- Scenario A: Stabilization. In the most optimistic view, energy, food, and commodity markets would stabilize, and in response, the Fed would most likely stay on its current path, raising policy rates to 3 to 4 percent. Inflation expectations would remain stable, and actual inflation would recede going into 2023. For insurers, this is likely to represent a near-term erosion in combined ratios (losses and expenses in relation to total collected premiums) and overall profitability, but with an ultimate return to long-term norms. This scenario favors carriers with large and diversified portfolios, healthy surpluses, and operational excellence, particularly in expense and claims management.
- Scenario B: Continued disruption. If conflicts in Eastern Europe intensify and COVID-19 continues to affect the global economy, there is a real risk that global markets will continue to be disrupted, with energy and commodity prices continuing to experience volatility and general inflation. In response, the Fed might find itself forced to hike policy rates substantially above 4 percent to keep long-term inflation expectations anchored. This might have adverse effects on the overall economy, particularly real estate construction. For insurers, this scenario would translate into more persistent profitability challenges—a worse scenario than one with consistently higher inflation. Claims costs would continue to rise because of disruptions in global commodity markets, but moderate general inflation could prevent insurers from increasing premiums for customers. The result could be a severe contraction in underwriting capacity and a hard market with more stringent underwriting standards. Insurers that come out ahead will be those with superior underwriting and pricing discipline and a focus on profitable pockets of the market.
- Scenario C: Persistently elevated inflation. Finally, while less likely, major disruptions of global markets could drive global energy and commodity prices to longer-term elevated inflation. In such a situation, the Fed might see a need to raise interest rates even higher but might not be able to control inflation. Should expectations become unanchored and the economy continue to struggle under global market disruptions and restrictive policy, the US could enter a new period of stagflation—that is, with inflation remaining elevated despite high interest rates and slow economic growth. For insurers, this scenario would cause significant short-term disruption in combined ratios and underwriting profit. However, as sometimes happens in foreign markets with persistently high inflation, the long-term outlook might permit premiums and investment returns to rise at the same pace as expenses and loss costs. This market will favor P&C carriers that can bring operational excellence to the entire value chain, especially those with better pricing strategies and underwriting discipline.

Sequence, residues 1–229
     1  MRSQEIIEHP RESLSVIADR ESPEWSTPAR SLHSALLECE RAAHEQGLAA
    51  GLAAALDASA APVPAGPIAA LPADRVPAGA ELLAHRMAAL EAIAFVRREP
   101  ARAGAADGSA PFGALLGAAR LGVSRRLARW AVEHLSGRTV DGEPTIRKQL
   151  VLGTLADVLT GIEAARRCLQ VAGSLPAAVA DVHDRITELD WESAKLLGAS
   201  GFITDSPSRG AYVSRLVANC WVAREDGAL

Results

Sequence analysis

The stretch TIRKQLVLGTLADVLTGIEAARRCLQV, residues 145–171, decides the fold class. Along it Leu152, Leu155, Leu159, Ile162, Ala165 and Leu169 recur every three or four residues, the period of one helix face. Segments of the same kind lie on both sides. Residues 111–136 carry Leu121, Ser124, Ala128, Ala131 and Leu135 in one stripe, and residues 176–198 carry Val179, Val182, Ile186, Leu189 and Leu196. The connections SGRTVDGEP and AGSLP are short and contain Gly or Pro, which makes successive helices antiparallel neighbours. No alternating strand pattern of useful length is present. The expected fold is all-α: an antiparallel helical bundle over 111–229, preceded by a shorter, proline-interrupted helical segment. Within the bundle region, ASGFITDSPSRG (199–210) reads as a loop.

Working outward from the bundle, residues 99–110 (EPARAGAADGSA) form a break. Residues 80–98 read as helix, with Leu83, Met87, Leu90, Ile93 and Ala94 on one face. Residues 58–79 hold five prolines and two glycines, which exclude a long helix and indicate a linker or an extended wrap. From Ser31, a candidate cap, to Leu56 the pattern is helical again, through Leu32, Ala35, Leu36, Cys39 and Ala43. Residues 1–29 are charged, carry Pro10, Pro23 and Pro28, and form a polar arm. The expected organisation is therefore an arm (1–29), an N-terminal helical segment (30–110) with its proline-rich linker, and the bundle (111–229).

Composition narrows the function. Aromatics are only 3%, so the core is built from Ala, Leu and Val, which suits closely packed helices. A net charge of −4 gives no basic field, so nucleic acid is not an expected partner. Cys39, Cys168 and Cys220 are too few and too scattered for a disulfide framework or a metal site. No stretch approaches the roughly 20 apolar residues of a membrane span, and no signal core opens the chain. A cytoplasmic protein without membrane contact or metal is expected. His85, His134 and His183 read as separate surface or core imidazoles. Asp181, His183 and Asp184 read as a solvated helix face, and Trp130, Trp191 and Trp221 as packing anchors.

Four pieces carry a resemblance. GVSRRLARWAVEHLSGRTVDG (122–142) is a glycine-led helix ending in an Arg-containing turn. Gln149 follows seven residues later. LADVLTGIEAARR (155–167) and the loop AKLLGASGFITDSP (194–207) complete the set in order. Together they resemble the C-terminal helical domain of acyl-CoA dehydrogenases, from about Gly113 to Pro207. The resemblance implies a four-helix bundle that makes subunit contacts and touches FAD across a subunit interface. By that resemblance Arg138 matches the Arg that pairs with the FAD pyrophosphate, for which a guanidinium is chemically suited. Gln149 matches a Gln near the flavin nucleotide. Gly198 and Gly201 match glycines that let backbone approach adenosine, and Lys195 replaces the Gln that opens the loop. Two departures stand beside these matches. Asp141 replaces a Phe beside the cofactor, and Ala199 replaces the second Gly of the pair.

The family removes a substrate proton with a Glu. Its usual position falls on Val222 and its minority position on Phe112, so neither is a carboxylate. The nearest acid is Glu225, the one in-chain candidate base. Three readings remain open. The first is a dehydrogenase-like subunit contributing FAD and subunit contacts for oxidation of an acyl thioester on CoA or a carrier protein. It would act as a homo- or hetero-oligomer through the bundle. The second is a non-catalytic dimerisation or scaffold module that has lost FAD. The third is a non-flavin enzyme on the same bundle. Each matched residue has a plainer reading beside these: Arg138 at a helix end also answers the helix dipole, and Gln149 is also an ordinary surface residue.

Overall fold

Leaders may want to consider preparing a “resilience playbook” that allows them to deploy tactics as conditions warrant. This means creating visibility into the value at risk, time to deploy, and investment required for each lever being considered. It also means setting measurable thresholds for taking such actions and having the organizational alignment and resources ready to handle risk. The playbook can be scripted by addressing issues such as where customers will see value in the new environment, how to pursue repricing, and how to set priorities and organize activities.
Individual tactics will differ by function, but collectively, the chief product officer, chief claims officer, and CFO can build enterprise-wide resilience by taking the following recommended actions.
Chief product and underwriting officers
The company’s chief product and underwriting officers should focus on creating maximum insight into product profitability, developing rate indications frequently and with the most granularity possible to enable quick action. Leading carriers should maintain visibility into data indicators that provide early warning. High inflation worsens carriers’ existing operational weaknesses, such as vulnerability to runaway verdicts—excessive awards for damages, also known as social-inflation verdicts—premium leakage problems from undisciplined underwriting practices, and/or slow and inefficient rate management tools.
The solution is to catalog all available pricing and rate levers to seize opportunities and to identify and triage existing sources of leakage.
Successful underwriting officers will push rate targets to the lowest accountable personnel in the product or underwriting organization, vigilantly monitor the rate actions taken, and emphasize accountability and urgency to ensure value capture.